MENOPAUSE. I said it. That thing no one really talks about. Until it happens to you.
I just turned 41 and haven’t had a period in eight months. Before that, my cycles were sporadic for about six months. I consider myself to be of sound mind and generally a grounded person. Now I have days when I feel like I’m going crazy.
When I first skipped a period, I took a pregnancy test just to make sure. Then I thought it might be stress, although I didn’t feel particularly stressed at the time. My breasts started feeling tender and swollen, and the crunches that once firmed up my tummy no longer did the trick — I couldn’t seem to tone my wobbly midriff.
I even took a second pregnancy test to double-check and was relieved when it was negative. My two boys, four and eight years old, were quite enough to handle.
I assumed I was too young to be starting menopause but made an appointment with my doctor anyway. She advised me to get a blood test, which showed my follicle stimulating hormone level was high, and I was likely in the early stages of menopause. It was almost a relief to know the intense symptoms I’d been experiencing had a name.
Now I needed to figure out how to survive it.
My doctor wanted me to ask my mother when she’d gone through menopause. It turned out that she, too, was 41. Mom also remembered that my grandmother had started menopause even earlier, at 39. I felt strangely reassured to learn it was in our genes. Knowing that other women in my family had gone through this ordeal normalized what was happening to me.
My mother didn’t remember it being that bad, but she joked it might be like childbirth, and she’d forgotten how rough it really was!
In life before menopause, my young sons were a bit of a handful. But with my hormones going crazy, everything felt overwhelming. Some days I couldn’t cope with the simplest things. Trying to decide whether to shower or have breakfast first was a major decision. It felt like right before your period, when you’re more sensitive, tired and irritable — only multiply those emotions by 20. That was my new reality most days.
I found myself flying off the handle at everything my energetic boys did. I couldn’t take their arguing, and the noise they made filled me with a rage I’ve never experienced before. It boiled up from the pit of my stomach until I would blow! The anger that consumed me in those moments was awful.
Although I’m usually calm and controlled, I started shouting more and more. I couldn’t help myself. Afterward, I’d be filled with guilt and would always apologize to my boys. It was so unfair to them.
Did I mention the irrational thoughts, mood swings, sleepless nights and hot flashes? I had all those, too.
One day in hormone hell, when noise and hormone levels were extreme, I decided to book myself into a hotel overnight. It was less than three miles away, but I desperately needed some space. I felt like I might explode.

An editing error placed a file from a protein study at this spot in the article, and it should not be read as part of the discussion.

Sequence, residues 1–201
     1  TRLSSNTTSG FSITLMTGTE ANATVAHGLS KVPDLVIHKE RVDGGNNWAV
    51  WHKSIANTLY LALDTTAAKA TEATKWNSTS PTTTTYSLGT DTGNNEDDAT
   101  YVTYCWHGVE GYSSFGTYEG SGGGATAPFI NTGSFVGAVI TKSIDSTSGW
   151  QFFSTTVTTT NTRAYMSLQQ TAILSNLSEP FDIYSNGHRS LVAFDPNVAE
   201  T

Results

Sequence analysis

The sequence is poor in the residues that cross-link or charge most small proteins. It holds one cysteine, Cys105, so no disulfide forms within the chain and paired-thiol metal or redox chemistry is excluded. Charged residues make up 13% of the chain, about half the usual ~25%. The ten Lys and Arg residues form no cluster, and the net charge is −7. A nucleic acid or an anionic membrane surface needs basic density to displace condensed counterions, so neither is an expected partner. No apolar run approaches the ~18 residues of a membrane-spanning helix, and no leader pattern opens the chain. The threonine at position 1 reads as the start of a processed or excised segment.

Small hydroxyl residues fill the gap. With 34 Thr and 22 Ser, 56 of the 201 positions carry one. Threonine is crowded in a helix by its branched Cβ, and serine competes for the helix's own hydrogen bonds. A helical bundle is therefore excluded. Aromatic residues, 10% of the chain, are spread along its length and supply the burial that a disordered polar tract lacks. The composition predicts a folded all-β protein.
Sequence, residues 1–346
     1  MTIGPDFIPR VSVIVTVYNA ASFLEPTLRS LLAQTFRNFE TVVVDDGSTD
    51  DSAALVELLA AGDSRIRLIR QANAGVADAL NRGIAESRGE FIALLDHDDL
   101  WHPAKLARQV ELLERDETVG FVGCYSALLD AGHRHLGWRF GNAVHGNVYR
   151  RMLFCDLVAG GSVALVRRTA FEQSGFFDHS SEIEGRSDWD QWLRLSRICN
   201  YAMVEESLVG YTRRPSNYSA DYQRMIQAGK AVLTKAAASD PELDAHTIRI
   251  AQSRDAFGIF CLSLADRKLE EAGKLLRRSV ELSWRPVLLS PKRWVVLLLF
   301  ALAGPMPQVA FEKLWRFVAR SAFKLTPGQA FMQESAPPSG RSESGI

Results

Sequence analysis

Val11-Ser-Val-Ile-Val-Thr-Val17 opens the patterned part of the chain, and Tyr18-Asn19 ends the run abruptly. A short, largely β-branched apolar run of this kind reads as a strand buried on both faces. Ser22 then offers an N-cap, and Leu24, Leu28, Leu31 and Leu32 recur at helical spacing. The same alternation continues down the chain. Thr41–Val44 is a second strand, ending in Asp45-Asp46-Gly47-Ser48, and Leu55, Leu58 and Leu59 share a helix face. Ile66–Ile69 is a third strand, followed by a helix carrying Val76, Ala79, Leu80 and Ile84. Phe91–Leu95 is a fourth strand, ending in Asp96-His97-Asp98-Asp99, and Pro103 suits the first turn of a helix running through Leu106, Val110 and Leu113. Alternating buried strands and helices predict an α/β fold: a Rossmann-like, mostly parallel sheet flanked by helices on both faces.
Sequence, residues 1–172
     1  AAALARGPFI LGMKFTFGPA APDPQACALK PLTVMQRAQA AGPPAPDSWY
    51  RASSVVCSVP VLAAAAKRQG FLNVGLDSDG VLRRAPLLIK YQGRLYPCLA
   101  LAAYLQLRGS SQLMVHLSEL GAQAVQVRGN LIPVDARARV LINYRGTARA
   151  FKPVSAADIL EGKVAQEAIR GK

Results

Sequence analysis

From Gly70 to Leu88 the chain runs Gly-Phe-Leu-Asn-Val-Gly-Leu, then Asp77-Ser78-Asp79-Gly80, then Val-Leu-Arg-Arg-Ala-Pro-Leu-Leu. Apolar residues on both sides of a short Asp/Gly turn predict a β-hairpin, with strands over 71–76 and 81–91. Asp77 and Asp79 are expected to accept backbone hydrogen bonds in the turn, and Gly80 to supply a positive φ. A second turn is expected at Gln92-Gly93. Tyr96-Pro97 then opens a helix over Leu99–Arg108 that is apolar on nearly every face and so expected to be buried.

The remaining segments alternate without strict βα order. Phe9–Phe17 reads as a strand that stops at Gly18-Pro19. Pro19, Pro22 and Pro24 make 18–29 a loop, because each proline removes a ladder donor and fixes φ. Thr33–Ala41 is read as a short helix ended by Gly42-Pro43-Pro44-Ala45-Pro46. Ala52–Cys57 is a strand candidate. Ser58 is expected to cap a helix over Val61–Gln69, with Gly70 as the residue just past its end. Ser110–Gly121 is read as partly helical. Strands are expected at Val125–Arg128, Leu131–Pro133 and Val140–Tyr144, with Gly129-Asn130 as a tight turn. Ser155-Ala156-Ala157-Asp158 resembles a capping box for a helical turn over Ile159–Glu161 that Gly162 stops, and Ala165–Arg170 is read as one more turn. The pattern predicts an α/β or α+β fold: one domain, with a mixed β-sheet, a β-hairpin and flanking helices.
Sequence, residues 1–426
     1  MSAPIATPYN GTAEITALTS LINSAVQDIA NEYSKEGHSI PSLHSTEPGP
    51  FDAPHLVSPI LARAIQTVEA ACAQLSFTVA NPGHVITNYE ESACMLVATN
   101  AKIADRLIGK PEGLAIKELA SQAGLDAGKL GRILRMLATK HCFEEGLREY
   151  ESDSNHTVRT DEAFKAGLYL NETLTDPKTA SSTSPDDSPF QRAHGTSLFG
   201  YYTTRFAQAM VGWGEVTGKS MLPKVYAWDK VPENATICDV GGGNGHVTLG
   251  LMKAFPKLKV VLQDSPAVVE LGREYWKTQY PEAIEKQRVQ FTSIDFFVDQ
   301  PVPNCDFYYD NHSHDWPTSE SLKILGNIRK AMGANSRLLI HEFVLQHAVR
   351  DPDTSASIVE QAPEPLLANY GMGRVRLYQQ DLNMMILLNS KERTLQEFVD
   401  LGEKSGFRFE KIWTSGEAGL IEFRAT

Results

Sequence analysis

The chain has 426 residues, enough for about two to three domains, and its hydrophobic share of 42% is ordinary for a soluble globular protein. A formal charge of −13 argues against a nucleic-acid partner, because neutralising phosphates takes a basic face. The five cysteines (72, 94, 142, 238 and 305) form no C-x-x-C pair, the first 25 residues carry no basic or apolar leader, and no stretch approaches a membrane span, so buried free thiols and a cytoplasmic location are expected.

Luckily, my husband was supportive and understood I needed a break. That hotel was amazing — all mothers should be able to do this once in a while. I remember lying on the bed with a glass of wine, watching Wimbledon tennis on TV. It was so peaceful. No expectations from anyone, no one asking me questions. That brief escape let me feel calm again.
On another viciously hormonal day, I decided everything was my husband’s fault. In my crazed menopause mind, I wrote a list of all the things he should change about himself. When he returned from work, I planned to sit him down and review it point by point — after sobbing that our marriage was in trouble and something had to be done.
Thankfully, I decided to sleep on it. The next day I read what I’d written and couldn’t believe the harshness of that list. I still cringe thinking about it.
But there is light at the end of the menopause tunnel. For me it started with a life-changing book — The Hormone Fix by Dr. Anna Cabeca. I wanted to try a more holistic approach instead of going straight for hormone replacement therapy, and Dr. Cabeca’s work resonated with me. Her research showed that with the correct diet, supplements and positive outlook, you can regain control and survive menopause with your sanity intact.
It’s still early stages, but the lifestyle changes I’ve made seem to be working. I’ve given up gluten and rarely eat red meat. I’ve mixed up my exercise routines to include more cardiovascular workouts. I take nutritional supplements to ease irritability and mood swings and to help me relax and get good sleep. Since taking these steps, I feel much calmer.
Menopausal women need to talk about what we’re going through. We need to listen to our bodies and minds so we can cope with this massive change. Whether it’s a doctor or a trusted friend or partner, confide in someone about what’s going on. Knowing you have support at times when everything is too much does wonders for your mental health.
I still have days where the noise of my screaming kids makes me want to lock myself in the bathroom. The difference is, I feel more like myself now. I’m not a woman constantly on the edge. I can breathe. I’m in control.
Claire O’Sullivan is a Scottish lass at heart, currently living in Cape Town with her two sons and her husband. She has traveled the world, from Brazil to Thailand. Traveling and experiencing new cultures, along with writing about her experiences as a woman, are her passions in life.
This content was originally published here.